Apart from their assigned mod courses, 1L students may only enroll in courses offered as 1L electives. A complete list of these courses can be found on the 1L Elective Listings page. 1L students must use the 1L class number listed on the course description when enrolling.
278.31 sec. 001 - Copyright Law (Spring 2022)
Instructor: Pamela Samuelson (view instructor's teaching evaluations - degree students only | profile)
View all teaching evaluations for this course - degree students only
Grading Designation: Graded
Mode of Instruction: In-Person
TuTh 2:10 PM - 3:25 PM
Location: Law 140
From January 11, 2022
To April 22, 2022
Course End: April 22, 2022
Class Number (1Ls): 32002
Class Number: 32002
Enroll Limit: 66
As of: 07/19 11:58 AM
Can you copyright a garden design or a yoga sequence? Does a privately drafted building code lose copyright protection when a legislature adopts it as the law? Does embedding a photo you like on social media infringe copyright in the photo? Is appropriation art fair use? If you "buy" an e-book can you resell it if the publisher says in fine print you only have a license? These are a few of the dozens of questions this course will address.
It provides an in-depth review of U.S. copyright law, while also offering a comparative analysis with copyright laws of other jurisdictions insofar as those nations' rules differ from U.S. rules. We will study:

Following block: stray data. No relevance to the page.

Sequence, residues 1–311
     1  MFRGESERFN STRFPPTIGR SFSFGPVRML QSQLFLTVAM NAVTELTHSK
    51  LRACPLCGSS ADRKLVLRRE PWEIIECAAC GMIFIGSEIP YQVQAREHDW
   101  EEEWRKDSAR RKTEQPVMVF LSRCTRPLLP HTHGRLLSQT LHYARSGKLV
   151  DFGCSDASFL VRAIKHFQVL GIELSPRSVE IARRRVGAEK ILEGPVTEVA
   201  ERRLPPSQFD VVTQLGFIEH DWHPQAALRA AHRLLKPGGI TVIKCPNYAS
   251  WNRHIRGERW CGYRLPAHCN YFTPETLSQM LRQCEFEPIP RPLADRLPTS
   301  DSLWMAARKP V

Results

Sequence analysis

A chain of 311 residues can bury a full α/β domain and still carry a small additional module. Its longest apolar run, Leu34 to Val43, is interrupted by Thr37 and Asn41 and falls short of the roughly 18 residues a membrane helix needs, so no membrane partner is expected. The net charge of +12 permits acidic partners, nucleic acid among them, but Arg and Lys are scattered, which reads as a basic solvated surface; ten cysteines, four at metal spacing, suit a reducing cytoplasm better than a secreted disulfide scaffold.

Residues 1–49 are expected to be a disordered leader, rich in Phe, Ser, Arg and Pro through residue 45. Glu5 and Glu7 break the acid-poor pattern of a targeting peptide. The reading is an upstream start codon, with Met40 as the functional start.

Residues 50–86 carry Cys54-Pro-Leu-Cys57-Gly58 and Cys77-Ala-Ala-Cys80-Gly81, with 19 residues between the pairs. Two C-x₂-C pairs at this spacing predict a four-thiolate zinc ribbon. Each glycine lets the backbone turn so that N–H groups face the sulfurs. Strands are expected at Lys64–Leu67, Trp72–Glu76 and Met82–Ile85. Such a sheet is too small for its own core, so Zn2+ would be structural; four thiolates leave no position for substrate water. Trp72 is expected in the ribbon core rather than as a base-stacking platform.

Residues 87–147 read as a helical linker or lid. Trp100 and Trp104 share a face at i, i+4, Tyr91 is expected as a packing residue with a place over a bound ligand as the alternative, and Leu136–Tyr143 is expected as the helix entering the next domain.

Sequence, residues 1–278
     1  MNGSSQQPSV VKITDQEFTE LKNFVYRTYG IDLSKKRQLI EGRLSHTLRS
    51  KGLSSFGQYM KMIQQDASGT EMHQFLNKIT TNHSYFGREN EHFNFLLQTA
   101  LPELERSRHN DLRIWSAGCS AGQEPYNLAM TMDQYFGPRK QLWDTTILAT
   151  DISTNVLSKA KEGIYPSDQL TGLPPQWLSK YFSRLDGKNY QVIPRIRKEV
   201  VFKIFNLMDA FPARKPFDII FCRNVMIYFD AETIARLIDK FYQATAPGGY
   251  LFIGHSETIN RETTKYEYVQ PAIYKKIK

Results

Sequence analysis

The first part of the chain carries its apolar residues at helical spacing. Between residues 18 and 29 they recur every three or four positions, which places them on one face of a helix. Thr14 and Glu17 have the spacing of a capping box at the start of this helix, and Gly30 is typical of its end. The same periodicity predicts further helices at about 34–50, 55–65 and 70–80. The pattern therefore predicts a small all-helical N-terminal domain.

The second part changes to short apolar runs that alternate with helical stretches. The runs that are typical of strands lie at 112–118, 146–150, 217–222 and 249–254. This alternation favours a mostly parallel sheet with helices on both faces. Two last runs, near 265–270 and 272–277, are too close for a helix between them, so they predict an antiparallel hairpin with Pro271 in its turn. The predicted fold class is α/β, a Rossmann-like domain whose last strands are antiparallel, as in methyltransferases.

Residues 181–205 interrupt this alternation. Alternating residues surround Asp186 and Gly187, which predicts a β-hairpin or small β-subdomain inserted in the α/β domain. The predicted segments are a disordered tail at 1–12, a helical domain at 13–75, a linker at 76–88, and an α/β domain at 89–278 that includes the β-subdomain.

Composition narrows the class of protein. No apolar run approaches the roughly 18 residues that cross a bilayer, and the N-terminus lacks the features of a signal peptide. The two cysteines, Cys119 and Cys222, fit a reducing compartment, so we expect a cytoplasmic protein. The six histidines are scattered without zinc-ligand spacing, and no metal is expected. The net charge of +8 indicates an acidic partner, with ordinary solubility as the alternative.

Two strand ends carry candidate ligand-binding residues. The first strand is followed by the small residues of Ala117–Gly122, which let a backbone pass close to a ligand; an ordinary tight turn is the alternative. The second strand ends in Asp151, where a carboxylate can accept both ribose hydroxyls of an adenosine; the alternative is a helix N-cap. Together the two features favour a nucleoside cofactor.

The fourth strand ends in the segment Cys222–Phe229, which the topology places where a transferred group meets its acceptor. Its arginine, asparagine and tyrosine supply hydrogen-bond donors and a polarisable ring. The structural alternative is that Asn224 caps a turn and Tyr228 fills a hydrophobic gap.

--the subject matters of copyright protection;
--criteria that works must meet to be eligible for copyright protection;
--ownership and transfers of copyright interests;
--the types of conduct authors have the right to control (and not control);
--fair uses and other copyright exceptions and limitations;
--remedies for infringement;
--supplementary forms of protections for copyrighted works and federal preemption of some state law claims.
--constitutional, statutory and common law dimensions of copyright; and
--the relationship between federal copyright protection and similar state law rights.
Owing largely to challenges posed by digital technologies, copyright law has become quite controversial, some of which play out in Congress and some in litigation. By taking this class, you will be better prepared to practice law in this dynamic field.
The course will offer an international perspective on each topic covered. It covers many topics not addressed in the Introduction to Intellectual Property class.
Two short ungraded assignments during the term will give you experience applying copyright law to real or hypothetical fact patterns.
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